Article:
Little Donkey Opens with Very Boston Bao, an Epic Raw Bar, Chips on a Burger & More

The global flavor mecca from Ken Oringer and Jamie Bissonnette is now serving dinner in Central Square.

Little Donkey

Little Donkey. / Photo by Andrea Merrill

Say hello—and holaciaokonnichiwa, etc.—to your new go-to spot in Cambridge. Little Donkey opened last night as quietly as the latest project from acclaimed Boston chefs Ken Oringer and Jamie Bissonnette (Toro, Coppa) possibly could have. The Central Square restaurant is now open for dinner, and reservations begin on Monday, July 18.

Friends and family went really well, and you know us—we’re not the most patient guys in the world, so we said, let’s open the doors and see what happens,” Oringer says.

What’s happening is an exciting smorgasbord of flavors at the culinary duo’s first Cambridge venture, named for the quintessential beast of burden. Little Donkey will eventually be open daily for breakfast, lunch, and dinner, and the diverse landscape of Central Square inspired the wide-ranging fare.

“We could have written this menu two years ago, but just sitting outside during construction and watching the neighborhood, it would have changed. Going to the markets in the neighborhood inspired us to put a few more dishes on with Indian flavors, say. It’s just a really great place to cook,” Bissonnette says.

That influence includes Boston’s own food history. Take the Chinese sausage-stuffed Parker House Rolls. “We’re kind of geeky historians at heart when it comes to food,” Oringer says. “We though it would be fun to do an homage to what’s invented here, but to do something different with it with a hidden flavor of a dim sum bao.”

There are also charred avocados with pepitas, yogurt, and pomegranate molasses, clam garlic bread with the Middle Eastern spice blend baharat, and a dry-aged beef burger topped with jalapeño potato chips, Buffalo pickles, foie gras, and onion soup mayo. Check out the menu below.

“It’s nice to have a restaurant that doesn’t have boundaries,” Oringer says.

Little Donkey burger

Little Donkey burger. / Photo by Andrea Merrill

Little Donkey ramen

Little Donkey matzo ball ramen. / Photo by Andrea Merrill

Little Donkey chicken sandwich

Little Donkey pickle brine fried chicken sandwich. / Photo by Andrea Merrill

The duo is especially excited about the raw bar, which has ever-changing options ranging from razor clam ceviche, to Canadian snow crab with drawn butter, to live uni, tuna poke, and more. “It’s really fun to be able to give a little nod to classic raw bars from France, but having globally inspired stuff all over that as well,” Oringer says.

Breakfast, lunch, and weekend brunch will begin next month. In addition to options like a hearty Jerusalem bowl, miso banana bread toad-in-the-hole, a pastrami and egg sandwich, a spicy chickpea and tomato stew, and other wordly breakfasts, there will be pastry options and a Fazenda Coffee espresso program.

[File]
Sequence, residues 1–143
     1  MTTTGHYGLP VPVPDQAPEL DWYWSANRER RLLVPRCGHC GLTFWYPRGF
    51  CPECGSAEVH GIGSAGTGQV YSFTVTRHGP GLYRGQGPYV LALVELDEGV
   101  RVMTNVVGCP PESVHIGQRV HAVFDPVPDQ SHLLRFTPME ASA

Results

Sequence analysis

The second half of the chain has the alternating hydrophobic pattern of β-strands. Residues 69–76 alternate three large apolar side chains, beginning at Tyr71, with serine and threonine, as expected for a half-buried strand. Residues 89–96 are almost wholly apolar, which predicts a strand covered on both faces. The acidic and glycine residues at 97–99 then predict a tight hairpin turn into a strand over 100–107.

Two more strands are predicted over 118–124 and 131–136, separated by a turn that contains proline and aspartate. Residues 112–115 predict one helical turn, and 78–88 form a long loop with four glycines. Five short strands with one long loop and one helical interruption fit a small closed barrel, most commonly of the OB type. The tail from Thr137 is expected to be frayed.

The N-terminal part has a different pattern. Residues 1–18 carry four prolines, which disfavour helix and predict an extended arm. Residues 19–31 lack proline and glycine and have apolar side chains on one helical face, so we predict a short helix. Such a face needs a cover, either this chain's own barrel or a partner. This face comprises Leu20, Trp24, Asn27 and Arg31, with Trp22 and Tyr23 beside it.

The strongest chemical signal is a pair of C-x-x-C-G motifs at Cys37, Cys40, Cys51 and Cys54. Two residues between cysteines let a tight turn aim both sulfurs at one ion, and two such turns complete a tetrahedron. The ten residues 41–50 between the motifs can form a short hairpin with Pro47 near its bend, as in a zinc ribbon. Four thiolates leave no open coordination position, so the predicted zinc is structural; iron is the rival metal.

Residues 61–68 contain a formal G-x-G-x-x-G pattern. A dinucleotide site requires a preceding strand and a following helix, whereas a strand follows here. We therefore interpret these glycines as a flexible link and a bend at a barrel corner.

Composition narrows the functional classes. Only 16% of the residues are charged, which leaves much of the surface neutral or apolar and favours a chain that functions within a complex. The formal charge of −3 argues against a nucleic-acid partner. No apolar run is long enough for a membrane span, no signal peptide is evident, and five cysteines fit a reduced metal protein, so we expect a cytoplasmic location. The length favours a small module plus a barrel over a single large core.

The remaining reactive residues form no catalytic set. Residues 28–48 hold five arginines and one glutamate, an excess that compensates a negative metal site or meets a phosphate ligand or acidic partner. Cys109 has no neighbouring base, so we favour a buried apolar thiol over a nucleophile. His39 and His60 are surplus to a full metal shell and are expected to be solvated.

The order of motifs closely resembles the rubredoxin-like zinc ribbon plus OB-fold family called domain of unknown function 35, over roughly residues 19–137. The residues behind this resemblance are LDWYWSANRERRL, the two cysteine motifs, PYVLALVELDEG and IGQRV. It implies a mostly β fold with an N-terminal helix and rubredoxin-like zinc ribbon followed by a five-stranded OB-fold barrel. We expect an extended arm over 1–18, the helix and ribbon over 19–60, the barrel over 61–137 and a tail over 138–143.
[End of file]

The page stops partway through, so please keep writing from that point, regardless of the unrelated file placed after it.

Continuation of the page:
Little Donkey has 13-seat, stone bar, stocked with about 50 wine bottles, and a dozen options by the glass, curated by Jodie Battles, beverage director at Toro, Coppa, and now, Little Donkey.

“Jodie’s been running lists for us with lots of Spain, lots of Italy [wines], for the last few years, so you can see she’s getting to do some cool stuff with this,” Bissonnette says, like Morphos, a pet-nat from Oyster River Winegrowers in Maine, and Wimmer Czerny St. Laurent, a light-tasting Austrian red.

There are four beers on draft, including Sloop Brewing Co. (NY) Confliction Sour, and a couple local offerings from Night Shift and Notch. Battles is collaborating with lead bartender and Boston cocktail legend Vikram Hegde (Island Creek Oyster Bar, Sarma) on the beverage program. There are eight cocktails with bright flavors to complement the wide-ranging menu, including the Donkey Punch, “an absolute patio pounder,” Bissonnette says, with reposada, cassis, lime, and agave.

Little Donkey bar

Little Donkey bar. / Photo by Andrea Merrill

Little Donkey seats about 90 at tables, slat-backed banquettes, and communal high-tops near floor-to-ceiling windows that open onto Massachusetts Avenue. The team is in the process of permitting an outdoor patio, too.

It has an open kitchen, and overall, an airy aesthetic, Oringer says. “We have such high ceilings, and we inherited this great brick wall that looks like something you’d see down an alley in Hong Kong,” he says, on which local artist Mark Grundig hand-painted the Little Donkey logo. “It’s a communal type of space, friendly and light.”

“Every part feels welcoming,” Bissonnette adds, “whether you’re cooking in the kitchen, sitting at the bar, or in the dining room.”

Little Donkey welcomes you nightly at 5 p.m. Once breakfast starts, the kitchen will be open from 8 a.m.-11 p.m. daily, with late-night options until last call.

Little Donkey, 505 Massachusetts Ave., Central Square, Cambridge, 617-945-1008,